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The Czech Republic's Sunshine sheds light on how to commit mainstream suicide.

A Ray of Originality

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The best thing about listening to Sunshine (a Czech band, not Richmond's Sunnshine) is that its music sounds fresh and honest. Good music should surprise you when you hear it.

Sunshine's music does. It comes out of left field like Beck and like Scotland's The Beta Band. Not because Sunshine sounds like either, but because the band sounds unique. Most likely because the music is made to please the creators, which always works better than trying to guess what others want.

It helps that Sunshine is good at standing out — they play Twisters Monday, Oct. 23. Two stripped-down rock songs open their latest full-length CD, "Velvet Suicide." Those are followed by a gritty, layered industrial number, a swelling, melancholy new-wave ballad, and, in short, a different approach on nearly every song. There are odd samples, a hip-hop flavored intro, keyboard surges and many other unexpected diversions. Definitely not ready for a format.

"Each song has a similar point," says guitarist and singer Kay, "but that's what we want ... to use all good influences and put together something new, and that's the reason each song sounds different."

Joy Division, "that's a really important influence," Kay says. "So is early Cure and Gary Numan." Kay also cites his experience with art-rock bands like Clikatat Ikatowi.

"We started out as a traditional hardcore band but we kind of lost that influence," he says. "I don't think it's totally different, in Czech, lots of influences of late '80s and late punk rock, it's coming back ... not just in the U.S.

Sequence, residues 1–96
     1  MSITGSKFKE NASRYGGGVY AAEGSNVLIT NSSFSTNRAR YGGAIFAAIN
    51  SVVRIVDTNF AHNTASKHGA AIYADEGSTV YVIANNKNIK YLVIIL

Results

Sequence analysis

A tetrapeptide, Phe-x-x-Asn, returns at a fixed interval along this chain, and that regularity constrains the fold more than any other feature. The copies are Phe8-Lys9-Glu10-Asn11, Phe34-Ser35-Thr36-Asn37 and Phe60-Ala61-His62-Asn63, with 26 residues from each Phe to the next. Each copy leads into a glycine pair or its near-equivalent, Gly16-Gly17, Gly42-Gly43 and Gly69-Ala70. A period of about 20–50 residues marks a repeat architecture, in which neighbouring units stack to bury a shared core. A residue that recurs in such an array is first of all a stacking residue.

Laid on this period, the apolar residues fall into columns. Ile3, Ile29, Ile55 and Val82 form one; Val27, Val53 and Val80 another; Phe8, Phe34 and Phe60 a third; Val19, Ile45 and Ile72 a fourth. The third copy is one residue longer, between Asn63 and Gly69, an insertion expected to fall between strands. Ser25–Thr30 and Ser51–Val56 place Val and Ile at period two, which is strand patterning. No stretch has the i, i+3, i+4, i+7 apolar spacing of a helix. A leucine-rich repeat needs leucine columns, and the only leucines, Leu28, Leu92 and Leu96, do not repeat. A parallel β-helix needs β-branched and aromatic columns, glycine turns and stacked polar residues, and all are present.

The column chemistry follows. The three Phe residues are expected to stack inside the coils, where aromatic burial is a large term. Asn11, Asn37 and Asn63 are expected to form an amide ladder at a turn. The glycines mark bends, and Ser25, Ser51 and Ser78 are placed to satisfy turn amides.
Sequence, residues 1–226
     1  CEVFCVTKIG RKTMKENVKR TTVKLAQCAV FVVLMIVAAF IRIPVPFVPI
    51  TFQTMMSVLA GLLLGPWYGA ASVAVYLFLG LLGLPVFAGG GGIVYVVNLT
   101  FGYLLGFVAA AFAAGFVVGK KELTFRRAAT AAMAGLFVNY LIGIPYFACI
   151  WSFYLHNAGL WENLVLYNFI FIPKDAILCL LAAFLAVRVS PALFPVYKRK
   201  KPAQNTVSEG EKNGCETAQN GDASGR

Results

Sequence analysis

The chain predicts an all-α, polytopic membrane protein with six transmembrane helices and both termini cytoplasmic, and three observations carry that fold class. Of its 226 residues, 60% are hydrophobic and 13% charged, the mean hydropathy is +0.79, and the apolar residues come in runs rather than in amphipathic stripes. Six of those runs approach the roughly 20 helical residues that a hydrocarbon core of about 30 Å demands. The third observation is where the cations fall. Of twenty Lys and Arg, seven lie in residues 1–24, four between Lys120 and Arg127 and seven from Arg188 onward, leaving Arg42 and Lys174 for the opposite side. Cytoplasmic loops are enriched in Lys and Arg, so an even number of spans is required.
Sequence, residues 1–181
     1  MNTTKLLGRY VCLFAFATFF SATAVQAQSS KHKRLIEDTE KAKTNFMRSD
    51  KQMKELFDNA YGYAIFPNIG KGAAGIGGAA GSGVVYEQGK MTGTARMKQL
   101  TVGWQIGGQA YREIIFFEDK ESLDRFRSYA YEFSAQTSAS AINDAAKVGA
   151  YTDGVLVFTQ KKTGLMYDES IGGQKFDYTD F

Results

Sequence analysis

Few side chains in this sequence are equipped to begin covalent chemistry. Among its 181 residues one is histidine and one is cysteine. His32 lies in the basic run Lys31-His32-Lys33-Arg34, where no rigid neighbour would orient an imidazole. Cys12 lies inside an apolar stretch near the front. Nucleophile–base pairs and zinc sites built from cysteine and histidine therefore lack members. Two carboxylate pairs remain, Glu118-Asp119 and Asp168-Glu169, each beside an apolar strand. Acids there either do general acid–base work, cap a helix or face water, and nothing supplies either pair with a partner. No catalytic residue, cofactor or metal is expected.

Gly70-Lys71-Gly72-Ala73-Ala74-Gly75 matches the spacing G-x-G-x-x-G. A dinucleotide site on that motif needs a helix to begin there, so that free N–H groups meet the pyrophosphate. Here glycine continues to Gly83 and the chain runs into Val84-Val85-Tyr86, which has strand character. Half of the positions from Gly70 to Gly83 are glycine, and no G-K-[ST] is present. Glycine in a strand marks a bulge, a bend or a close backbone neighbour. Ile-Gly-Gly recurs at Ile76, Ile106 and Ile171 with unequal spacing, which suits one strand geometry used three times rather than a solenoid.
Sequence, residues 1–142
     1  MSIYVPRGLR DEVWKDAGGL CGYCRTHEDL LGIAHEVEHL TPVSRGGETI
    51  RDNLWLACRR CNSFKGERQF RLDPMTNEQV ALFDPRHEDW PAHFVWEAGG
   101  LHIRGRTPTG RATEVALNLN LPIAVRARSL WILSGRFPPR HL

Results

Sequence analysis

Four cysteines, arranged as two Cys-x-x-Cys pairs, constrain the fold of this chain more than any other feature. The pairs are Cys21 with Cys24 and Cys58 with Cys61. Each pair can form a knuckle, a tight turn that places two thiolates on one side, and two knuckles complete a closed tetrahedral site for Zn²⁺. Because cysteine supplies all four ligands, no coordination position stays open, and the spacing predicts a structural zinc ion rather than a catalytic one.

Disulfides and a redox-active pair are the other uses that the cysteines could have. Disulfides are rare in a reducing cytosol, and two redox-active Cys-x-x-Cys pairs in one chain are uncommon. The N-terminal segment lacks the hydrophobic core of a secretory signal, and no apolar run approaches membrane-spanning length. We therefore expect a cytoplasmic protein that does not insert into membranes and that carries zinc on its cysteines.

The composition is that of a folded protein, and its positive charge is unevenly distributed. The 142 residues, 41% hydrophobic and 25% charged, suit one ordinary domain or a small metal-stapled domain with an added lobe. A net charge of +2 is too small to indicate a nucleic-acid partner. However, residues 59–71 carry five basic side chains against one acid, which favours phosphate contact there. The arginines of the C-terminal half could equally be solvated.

Kay says he writes in English because it is a more melodic language, but admits that his word combinations often result in enigmatic concepts.

As with their music, you can tell that Kay, bassist/keyboardist Martin and drummer Daniel pick their lyrics without restraint, resulting in intriguing titles like "Porn Orchid," "Moon Love Gravity" and "Dope Driver Called 'Virgin Boom.'"

"It's a really weird mixture of the Czech stuff and the weird English," Kay says. "It's not really concrete things, just imagination or stuff like that. Most of them is just personal things about the world all over. Also, just a little bit of sarcasm and black humor."

"The most important thing," Kay adds, "is that the album just be enjoyed. Maybe that sounds kind of weird, because most of the songs sound kind of like, depressive. But I don't think they are, you know? That's the point of why we play in a band, because we enjoy just being on tour, and recording ... I think that's the point of what we try to put out through the songs."

Being excited about what you're doing — that's success. "We couldn't like, change the mind of people," Kay says. "[We] just try to start a good feel with the show and stuff like that."



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